Threat fails to stop school safety demonstration
While a stay-put order stymied students at Douglas High School from participating in a national walkout, a score of adult supporters stood with signs to support students.
Chief Juvenile Probation Officer Scott Shick confirmed that the high school got a threat on Wednesday morning.
“You have to take these things seriously,” he said.
Douglas County deputies and Nevada Highway Patrol troopers patrolled the campus and the vicinity.
Alpine County residents Dianna Mitzner and Marry Murray Edwards were early arrivals with signs in support of the students.
“I hope they let them express themselves with what’s happening,” said Edwards, who taught for 25 years.
Alpine County students attend Douglas High School.
Johnson Lane resident Laura Cadot said three students managed to evade the stay-put order and joined the demonstration.
“They went out anyway,” Cadot said. “We had an officer escort them back in.”
Cadot said students plan to reschedule their walkout on another day.
Douglas County School Superintendent Teri White said the district received several phone calls saying there was a threat to students when they were to walk out of school for the demonstration.
“We had the calls, but could not tie it to a source and confirm it as a real threat, or eliminate it as a threat, so we proceeded with caution into a stay put to ensure the safety of our students,” she said.
School safety was discussed on Monday when 15 of 17 school district superintendents in Nevada, including White, met with Gov. Brian Sandoval in Carson City. Input from superintendents was received in what amounted in the first step to develop recommendations for budget consideration.
“We’re not going to solve this all in one day,” Sandoval said after the two-hour meeting. “This is a great beginning to a conversation that will lead into the next legislature.”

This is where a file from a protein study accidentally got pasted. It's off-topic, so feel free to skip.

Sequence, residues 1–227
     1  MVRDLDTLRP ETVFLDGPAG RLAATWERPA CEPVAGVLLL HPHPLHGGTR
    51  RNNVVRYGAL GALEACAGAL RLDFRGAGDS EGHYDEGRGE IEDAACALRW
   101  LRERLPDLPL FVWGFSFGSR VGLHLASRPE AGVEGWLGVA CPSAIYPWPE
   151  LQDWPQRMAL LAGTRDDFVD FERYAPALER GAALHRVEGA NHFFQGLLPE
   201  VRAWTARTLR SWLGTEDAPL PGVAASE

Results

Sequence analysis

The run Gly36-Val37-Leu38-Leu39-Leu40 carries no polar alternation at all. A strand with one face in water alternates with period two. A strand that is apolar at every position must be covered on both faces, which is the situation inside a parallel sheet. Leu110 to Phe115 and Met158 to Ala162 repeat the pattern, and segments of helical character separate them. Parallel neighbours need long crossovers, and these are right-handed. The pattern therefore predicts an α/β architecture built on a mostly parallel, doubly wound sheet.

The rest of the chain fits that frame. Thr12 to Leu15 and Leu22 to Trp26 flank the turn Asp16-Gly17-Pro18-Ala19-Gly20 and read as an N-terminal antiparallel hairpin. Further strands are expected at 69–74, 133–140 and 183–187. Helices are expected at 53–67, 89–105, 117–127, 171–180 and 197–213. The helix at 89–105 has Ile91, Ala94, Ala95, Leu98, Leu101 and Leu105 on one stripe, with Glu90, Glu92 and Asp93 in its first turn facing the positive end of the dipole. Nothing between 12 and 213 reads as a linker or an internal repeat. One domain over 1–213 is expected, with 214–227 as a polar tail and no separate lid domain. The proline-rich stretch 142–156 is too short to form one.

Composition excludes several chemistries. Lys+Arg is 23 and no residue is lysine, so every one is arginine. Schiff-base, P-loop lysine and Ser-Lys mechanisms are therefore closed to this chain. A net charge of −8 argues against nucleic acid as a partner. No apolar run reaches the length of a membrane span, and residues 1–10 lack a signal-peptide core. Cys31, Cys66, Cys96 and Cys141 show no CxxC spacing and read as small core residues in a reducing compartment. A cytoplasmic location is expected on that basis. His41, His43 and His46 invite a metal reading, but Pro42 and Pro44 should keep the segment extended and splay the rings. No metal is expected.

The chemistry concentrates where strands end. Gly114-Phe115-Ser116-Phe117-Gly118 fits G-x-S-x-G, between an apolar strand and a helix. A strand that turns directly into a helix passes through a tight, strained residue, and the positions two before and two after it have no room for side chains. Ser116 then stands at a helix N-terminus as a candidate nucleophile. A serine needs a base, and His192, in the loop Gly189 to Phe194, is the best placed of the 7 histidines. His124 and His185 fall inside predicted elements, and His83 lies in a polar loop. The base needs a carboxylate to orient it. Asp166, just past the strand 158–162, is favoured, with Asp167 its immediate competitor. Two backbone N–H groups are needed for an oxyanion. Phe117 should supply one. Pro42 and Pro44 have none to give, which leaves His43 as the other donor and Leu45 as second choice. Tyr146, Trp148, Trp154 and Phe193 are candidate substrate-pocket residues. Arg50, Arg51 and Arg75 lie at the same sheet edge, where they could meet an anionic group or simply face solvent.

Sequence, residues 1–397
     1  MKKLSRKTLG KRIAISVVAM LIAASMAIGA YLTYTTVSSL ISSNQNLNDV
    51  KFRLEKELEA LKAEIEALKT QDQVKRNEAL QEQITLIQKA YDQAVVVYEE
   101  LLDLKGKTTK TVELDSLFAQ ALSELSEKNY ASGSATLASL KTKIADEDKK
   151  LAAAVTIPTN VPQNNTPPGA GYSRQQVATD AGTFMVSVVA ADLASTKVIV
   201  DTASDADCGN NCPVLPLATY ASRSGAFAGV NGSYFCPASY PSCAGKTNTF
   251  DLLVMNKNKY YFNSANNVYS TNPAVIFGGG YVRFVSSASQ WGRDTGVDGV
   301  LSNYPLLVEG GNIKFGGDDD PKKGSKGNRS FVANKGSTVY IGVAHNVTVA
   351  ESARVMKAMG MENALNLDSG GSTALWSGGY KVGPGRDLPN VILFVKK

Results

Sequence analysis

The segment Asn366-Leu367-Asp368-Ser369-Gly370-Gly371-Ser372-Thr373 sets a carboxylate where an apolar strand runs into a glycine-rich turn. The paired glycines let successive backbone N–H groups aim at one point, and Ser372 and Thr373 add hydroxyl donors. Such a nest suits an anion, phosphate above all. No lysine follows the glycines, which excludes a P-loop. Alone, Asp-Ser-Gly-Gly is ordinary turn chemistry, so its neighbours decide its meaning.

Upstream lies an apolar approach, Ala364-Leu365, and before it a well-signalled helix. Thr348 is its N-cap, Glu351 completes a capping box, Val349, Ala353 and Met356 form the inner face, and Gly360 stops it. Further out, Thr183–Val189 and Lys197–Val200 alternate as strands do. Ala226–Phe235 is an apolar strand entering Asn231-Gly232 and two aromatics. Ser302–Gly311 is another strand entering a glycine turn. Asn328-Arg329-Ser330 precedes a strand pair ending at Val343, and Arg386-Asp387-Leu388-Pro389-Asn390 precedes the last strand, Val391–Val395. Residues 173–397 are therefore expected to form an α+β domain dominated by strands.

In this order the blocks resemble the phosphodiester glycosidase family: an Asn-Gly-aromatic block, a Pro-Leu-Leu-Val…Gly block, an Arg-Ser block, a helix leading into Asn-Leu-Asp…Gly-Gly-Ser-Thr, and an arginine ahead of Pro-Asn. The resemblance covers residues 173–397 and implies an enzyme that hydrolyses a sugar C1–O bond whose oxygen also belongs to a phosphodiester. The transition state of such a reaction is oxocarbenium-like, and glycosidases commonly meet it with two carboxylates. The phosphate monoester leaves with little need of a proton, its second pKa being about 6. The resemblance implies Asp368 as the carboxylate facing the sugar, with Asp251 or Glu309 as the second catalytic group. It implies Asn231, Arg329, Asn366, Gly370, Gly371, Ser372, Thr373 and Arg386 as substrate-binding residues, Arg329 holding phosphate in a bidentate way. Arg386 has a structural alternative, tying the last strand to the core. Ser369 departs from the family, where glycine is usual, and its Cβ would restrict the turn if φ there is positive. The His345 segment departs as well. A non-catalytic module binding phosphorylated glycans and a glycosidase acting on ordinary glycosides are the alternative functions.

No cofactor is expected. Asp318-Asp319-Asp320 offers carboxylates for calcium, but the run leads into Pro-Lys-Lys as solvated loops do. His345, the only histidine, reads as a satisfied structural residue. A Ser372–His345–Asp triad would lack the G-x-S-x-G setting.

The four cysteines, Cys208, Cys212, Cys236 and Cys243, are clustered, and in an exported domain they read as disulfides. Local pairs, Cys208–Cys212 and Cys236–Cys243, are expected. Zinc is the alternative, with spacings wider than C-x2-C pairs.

Sandoval was asked about the issue of whether teachers should be armed.
“The consensus was most school districts choose not to do that,” he said.
Discussion also addressed the need for funding. Sandoval said there may be opportunities to seek federal grant funding from Health and Human Services, Homeland Security as well as the Department of Education.
The top concern among superintendents was the mental health of students, White noted.
“The No. 1 thing in regard to school safety is the relationship with kids, making sure we know the kids who are struggling with life,” she said. “We need full funding for social workers and possibly additional assistance for mental health professionals in the schools.”
Other recommendations included the possibility of additional school resource officers in addition to funding for capital improvement projects such as fencing and door locks.
Douglas currently has two school resource officers through a shared agreement between the school district and Douglas County Sheriff’s Office.
Another safety measure has been the single-point of entry systems installed at Carson Valley Middle School, as well as Scarselli, Meneley and Jacks Valley elementary schools.
“It is something the district is committed to doing and I think it helps us to know who’s on campus,” White said. “Even the schools that don’t have a single point of entry system, things have been put into place where all the exterior doors are locked and we funnel visitors through one door where they have to check in at the office and they’re given a badge so we know they’re on campus.”
Even with security systems and measures in place, there are still no guarantees, she noted.
“Research is showing that fencing, single point of entry and things like that serve as a deterrent. But if somebody wants to get in, they find a way,” White said.
Ongoing dialogue regarding school safety is critical, she added.
“There is time between these shootings and I think over time we become complacent, so one of the things we’re committed to is keeping school safety and security at the forefront of our conversation with teachers and administrators,” White said.